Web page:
Jeffrey bought a puzzle last year. Actually, it’s not a puzzle. It is a giant beautiful beast of confusion and headache parading around in the form of a puzzle. It is Baffler #1000, also known as “The Test,” created by an artist known as Chris Yates.

We started throwing Puzzle Parties at my house after Jeffrey first bought the puzzle, since we knew it would be much more fun to have lots of people attacking the puzzle versus just one or two. (More like one – I wasn’t particularly helpful in the beginning after looking at the giant pile of 1200+ puzzle pieces with no easily discernible pattern staring back at me).

We held a total of five puzzle parties. The above photo is from Puzzle Party #4, where we almost (almost!) finished it. We threw the final Puzzle Party this past Saturday, where we finally finished “The Test” (and celebrated with champagne!) and enjoyed some tasty food along the way.

And so I present: the menu for Puzzle Party #5, THE FINAL!

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Roommate dinner night, January 2011 + Mom’s sangria

I live with three fabulous roommates on the edge of the Mission, near Potrero Hill. We decided that we don’t see enough of each other (we all have boyfriends and hobbies and other things that keep us out of the house), so it was time to schedule an all-hands-on-deck roomie dinner night. This month: Mexican themed.

Lisa made a bread-pudding-like dessert (I can’t remember the name, sadly), with mango and guava paste on top:

Roommate dinner night - Lisa's dessert

Kristen made empanadas, all from scratch, with a mushroom/seitan filling:

Roommate dinner night - Kristen's empanadas

Katherine made a veggie paella with quinoa instead of rice . . . of which I forgot to take a photo (sorry Katherine!).

And I made sangria, using my mother’s tried and true recipe.

Roommate dinner night - Mom's sangria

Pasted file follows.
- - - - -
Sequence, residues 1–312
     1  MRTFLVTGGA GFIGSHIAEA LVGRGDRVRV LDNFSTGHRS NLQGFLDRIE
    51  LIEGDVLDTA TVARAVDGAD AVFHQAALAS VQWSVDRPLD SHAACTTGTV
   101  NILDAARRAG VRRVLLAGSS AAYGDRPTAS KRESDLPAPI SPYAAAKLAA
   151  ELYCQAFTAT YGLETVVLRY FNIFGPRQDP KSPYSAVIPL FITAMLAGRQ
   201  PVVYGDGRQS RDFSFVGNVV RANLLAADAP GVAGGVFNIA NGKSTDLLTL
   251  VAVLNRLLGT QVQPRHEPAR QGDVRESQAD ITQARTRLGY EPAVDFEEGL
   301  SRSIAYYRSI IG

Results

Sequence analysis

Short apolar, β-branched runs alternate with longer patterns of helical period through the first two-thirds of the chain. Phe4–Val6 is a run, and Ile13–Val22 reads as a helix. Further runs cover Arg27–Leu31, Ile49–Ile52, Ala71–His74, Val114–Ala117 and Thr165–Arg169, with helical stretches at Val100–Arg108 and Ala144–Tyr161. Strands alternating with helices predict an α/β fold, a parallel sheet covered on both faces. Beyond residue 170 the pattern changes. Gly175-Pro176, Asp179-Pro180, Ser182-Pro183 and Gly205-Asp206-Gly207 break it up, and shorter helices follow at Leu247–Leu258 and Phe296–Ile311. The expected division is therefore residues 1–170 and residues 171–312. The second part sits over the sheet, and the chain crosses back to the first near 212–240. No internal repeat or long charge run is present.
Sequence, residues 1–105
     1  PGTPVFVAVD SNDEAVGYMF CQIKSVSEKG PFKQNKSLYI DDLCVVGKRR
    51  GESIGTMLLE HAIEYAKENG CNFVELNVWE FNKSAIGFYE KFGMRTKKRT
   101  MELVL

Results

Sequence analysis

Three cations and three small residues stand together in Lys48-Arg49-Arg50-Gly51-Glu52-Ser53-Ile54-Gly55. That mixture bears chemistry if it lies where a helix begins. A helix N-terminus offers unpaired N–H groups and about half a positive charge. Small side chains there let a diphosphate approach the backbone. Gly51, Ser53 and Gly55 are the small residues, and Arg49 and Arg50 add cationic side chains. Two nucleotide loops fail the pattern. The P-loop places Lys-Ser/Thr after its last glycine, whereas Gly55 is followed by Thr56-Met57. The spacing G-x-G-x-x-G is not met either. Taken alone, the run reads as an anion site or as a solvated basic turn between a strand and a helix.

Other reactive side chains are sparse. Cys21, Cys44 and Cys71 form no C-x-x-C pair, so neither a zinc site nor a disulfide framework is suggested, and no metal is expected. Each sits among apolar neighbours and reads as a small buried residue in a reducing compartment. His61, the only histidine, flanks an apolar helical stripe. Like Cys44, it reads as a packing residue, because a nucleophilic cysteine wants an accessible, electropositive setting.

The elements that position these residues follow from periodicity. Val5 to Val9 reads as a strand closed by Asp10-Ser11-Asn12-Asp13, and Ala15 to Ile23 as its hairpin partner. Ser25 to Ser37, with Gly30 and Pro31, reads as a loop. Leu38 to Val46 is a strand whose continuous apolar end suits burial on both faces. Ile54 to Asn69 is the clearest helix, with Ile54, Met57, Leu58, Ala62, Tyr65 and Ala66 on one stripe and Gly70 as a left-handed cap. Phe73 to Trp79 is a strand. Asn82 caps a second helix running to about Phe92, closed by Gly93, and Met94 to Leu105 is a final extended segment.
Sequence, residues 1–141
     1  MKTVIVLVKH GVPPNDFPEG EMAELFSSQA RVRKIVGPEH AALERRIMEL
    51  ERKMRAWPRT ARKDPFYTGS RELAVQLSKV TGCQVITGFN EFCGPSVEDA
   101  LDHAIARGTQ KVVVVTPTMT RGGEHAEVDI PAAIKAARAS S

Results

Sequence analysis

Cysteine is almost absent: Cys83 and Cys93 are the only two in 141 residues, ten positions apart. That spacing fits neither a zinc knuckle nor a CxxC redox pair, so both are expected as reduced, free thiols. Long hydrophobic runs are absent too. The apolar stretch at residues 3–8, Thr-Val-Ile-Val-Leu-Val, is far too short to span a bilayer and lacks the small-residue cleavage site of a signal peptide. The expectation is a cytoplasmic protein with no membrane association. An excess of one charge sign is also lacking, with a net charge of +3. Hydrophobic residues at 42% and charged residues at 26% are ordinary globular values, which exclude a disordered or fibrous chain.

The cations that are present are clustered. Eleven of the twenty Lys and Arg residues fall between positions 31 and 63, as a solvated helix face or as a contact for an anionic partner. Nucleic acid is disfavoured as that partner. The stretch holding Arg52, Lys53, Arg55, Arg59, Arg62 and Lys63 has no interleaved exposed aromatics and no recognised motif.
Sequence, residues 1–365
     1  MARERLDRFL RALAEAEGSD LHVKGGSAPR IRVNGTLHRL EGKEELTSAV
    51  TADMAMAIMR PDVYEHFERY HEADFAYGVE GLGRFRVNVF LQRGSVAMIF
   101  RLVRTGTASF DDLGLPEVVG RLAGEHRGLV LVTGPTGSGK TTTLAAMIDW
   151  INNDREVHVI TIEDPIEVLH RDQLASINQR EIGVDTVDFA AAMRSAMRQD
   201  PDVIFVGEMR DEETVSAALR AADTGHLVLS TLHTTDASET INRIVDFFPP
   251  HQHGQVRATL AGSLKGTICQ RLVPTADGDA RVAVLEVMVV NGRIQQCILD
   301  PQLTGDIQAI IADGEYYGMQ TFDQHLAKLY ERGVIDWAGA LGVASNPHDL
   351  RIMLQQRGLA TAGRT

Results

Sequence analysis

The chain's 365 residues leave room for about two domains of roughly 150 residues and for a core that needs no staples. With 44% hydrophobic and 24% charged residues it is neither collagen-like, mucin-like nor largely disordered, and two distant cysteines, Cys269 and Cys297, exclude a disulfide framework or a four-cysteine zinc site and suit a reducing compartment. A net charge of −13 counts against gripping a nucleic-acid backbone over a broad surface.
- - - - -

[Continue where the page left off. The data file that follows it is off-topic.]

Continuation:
It was a great night, and everything was delicious. And bonus: everything was vegan! Next month: PIES. Yep.

Mom’s Sangria
(Serves 4-6 people)

2 bottles red wine (I used pinot noir after finding some on sale at Whole Foods)
1 cup fruit juice (orange, apple, grape, grapefruit, whatever you’d like – I used fresh grapefruit juice)
2/3 cup triple sec
2 oranges, cut into 8 pieces
1 lemon, cut into 8 pieces
1 lime, cut into 8 pieces
1-2 extra limes for garnish (optional)
Sugar (optional)

Pour all the liquids together into a big pitcher or pot. Add the sliced fruit. If you’re going to add sugar, add some now and stir it all together (I added a little less than 1/5 of a cup).

[Disclaimer: my mother never adds sugar to her sangria – I added some because I knew at least one of my roommates prefers a sweeter sangria. It’s great, either way.]

Refrigerate for as long as possible – around 8 hours is apparently ideal, although I only refrigerated last night’s batch for about 2-3 hours before serving.

If you’re using sugar, take a test sip (or two) to measure sweetness before serving. If it’s not sweet enough for your liking, add a little more sugar and stir around and test again.

If using, slice up the remaining limes and add to glasses.

Serve and enjoy!